James Grimmelmann and Paul Ohm have published “Dr. Generative Or: How I Learned to Stop Worrying and Love the iPhone,” a spot-on review of Jonathan Zittrain’s The Future of the Internet that fills in some practical blanks left by the original.
The concept of “generativity,” defined and popularized by The Future of the Internet, has been crucial in advancing understanding of free culture and free software issues. It’s synthesized many of the preceding metaphors in a way that is clearer to understand and defend; where arguments for “net neutrality” to preserve an “end-to-end network” consistent with the “layered model” of the internet can be a bit overwhelming and unconvincing, explanations of generativity and how these ideas would preserve the generativity of the network are easier to grasp and rally behind.
As successful and important as Zittrain’s book was, it does tend to assume the generativity of any device, service, network, or protocol is a trivially knowable constant. In practice, the picture is a more complicated set of compromises on many different levels.
Grimmelmann and Ohm’s paper acknowledges the power and significance of Zittrain’s ideas, and then offers some clarification on how to better understand and gauge generativity. In their own words, Zittrain’s work:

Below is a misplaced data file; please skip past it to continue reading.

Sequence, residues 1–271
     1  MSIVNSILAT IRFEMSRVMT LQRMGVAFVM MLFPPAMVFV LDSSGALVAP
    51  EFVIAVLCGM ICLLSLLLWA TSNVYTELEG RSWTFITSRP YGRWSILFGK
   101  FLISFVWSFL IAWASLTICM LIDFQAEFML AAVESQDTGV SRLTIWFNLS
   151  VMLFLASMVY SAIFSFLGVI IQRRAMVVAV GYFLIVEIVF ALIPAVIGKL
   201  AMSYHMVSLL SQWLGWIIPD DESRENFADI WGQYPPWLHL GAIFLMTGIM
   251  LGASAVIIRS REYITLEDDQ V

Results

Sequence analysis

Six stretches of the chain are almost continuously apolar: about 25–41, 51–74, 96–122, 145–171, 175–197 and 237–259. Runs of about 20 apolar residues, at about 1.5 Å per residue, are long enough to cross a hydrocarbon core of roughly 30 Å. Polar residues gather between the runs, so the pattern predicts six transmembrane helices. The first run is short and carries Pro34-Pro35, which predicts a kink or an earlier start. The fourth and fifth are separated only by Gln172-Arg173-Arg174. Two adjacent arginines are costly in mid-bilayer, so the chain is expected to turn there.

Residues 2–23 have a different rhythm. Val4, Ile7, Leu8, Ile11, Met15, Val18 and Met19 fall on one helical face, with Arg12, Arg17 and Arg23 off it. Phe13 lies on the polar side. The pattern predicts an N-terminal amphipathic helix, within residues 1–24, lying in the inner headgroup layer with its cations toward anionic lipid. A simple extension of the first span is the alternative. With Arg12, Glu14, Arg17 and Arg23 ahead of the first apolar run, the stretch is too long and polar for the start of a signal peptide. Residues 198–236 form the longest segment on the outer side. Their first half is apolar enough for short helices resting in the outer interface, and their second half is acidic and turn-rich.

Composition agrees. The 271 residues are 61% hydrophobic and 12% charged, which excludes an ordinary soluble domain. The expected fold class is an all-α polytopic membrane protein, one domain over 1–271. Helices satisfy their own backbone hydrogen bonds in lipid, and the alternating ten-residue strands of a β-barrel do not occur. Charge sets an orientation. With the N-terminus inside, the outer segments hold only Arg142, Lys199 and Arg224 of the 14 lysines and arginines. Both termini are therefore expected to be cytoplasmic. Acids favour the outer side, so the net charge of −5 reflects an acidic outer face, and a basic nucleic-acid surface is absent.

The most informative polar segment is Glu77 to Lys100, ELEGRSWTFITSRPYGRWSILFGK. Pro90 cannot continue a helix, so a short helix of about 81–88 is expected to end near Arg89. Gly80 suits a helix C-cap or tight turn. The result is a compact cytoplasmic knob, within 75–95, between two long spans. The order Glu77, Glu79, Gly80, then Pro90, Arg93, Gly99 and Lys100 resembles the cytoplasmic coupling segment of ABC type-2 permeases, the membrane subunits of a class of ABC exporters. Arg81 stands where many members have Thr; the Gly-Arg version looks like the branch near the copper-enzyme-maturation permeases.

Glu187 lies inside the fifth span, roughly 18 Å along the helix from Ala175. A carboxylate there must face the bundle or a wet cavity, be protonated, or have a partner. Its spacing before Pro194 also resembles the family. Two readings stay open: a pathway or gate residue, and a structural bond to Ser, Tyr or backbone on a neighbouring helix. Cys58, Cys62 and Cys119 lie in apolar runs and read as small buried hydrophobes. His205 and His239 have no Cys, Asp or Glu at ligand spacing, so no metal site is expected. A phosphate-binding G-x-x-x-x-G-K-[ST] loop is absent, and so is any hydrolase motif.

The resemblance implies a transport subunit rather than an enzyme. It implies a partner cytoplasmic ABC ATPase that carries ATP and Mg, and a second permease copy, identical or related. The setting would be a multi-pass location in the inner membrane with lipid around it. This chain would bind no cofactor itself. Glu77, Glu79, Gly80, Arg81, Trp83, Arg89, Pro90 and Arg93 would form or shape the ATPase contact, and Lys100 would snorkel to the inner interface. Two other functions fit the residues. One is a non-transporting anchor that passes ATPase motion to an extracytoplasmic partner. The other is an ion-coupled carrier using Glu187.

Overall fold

on generativity is a milestone in Internet law scholarship. It’s the best descriptive and normative theory to date on what makes the Internet special. Zittrain’s analysis becomes muddled only when he tries to extract a prescriptive policy agenda from it.
By getting down to the brass tacks of what generativity means, Grimmelmann and Ohm do a service to the idea and make it more robust and complete. It’s also worth noting that, like the original book, their review is very funny, smart and thought-provoking reading. It jumps from placing generativity as a “Benthamite value, not a Kantian one,” to dropping the Strangelove references promised by the title.
The paper is positioned as a series of amendments to Zittrain’s original, which evoked an idea of it serving as the Bill of Rights to Zittrain’s Constitution. I still like the idea of including these ideas in future editions of the book, but after thinking on it for a few hours, I realize it’s more of a Constitution to Zittrain’s Declaration of Independence. They’ve taken the excellent theoretical work of Zittrain and created a set of practical steps to work towards it. Definitely worth a read!